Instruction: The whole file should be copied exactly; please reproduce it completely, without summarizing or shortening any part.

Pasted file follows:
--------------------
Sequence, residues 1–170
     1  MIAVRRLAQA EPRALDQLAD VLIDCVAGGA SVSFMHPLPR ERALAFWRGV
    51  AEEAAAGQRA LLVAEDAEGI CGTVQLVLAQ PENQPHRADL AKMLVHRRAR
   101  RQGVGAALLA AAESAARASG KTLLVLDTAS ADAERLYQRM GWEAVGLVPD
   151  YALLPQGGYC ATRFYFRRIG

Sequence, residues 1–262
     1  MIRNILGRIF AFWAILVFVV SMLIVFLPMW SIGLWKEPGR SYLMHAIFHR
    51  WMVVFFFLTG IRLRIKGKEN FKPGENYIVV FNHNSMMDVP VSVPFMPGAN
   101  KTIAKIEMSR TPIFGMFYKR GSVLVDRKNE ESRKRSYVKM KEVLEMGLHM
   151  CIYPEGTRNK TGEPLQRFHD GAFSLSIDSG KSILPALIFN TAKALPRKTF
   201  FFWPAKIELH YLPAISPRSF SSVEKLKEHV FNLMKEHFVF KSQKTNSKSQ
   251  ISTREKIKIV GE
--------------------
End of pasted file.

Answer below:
Sequence, residues 1–170
     1  MIAVRRLAQA EPRALDQLAD VLIDCVAGGA SVSFMHPLPR ERALAFWRGV
    51  AEEAAAGQRA LLVAEDAEGI CGTVQLVLAQ PENQPHRADL AKMLVHRRAR
   101  RQGVGAALLA AAESAARASG KTLLVLDTAS ADAERLYQRM GWEAVGLVPD
   151  YALLPQGGYC ATRFYFRRIG

Sequence, residues 1–262
     1  MIRNILGRIF AFWAILVFVV SMLIVFLPMW SIGLWKEPGR SYLMHAIFHR
    51  WMVVFFFLTG IRLRIKGKEN FKPGENYIVV FNHNSMMDVP VSVPFMPGAN
   101  KTIAKIEMSR TPIFGMFYKR GSVLVDRKNE ESRKRSYVKM KEVLEMGLHM
   151  CIYPEGTRNK TGEPLQRFHD GAFSLSIDSG KSILPALIFN TAKALPRKTF
   201  FFWPAKIELH YLPAISPRSF SSVEKLKEHV FNLMKEHFVF KSQKTNSKSQ
   251  ISTREKIKIV GE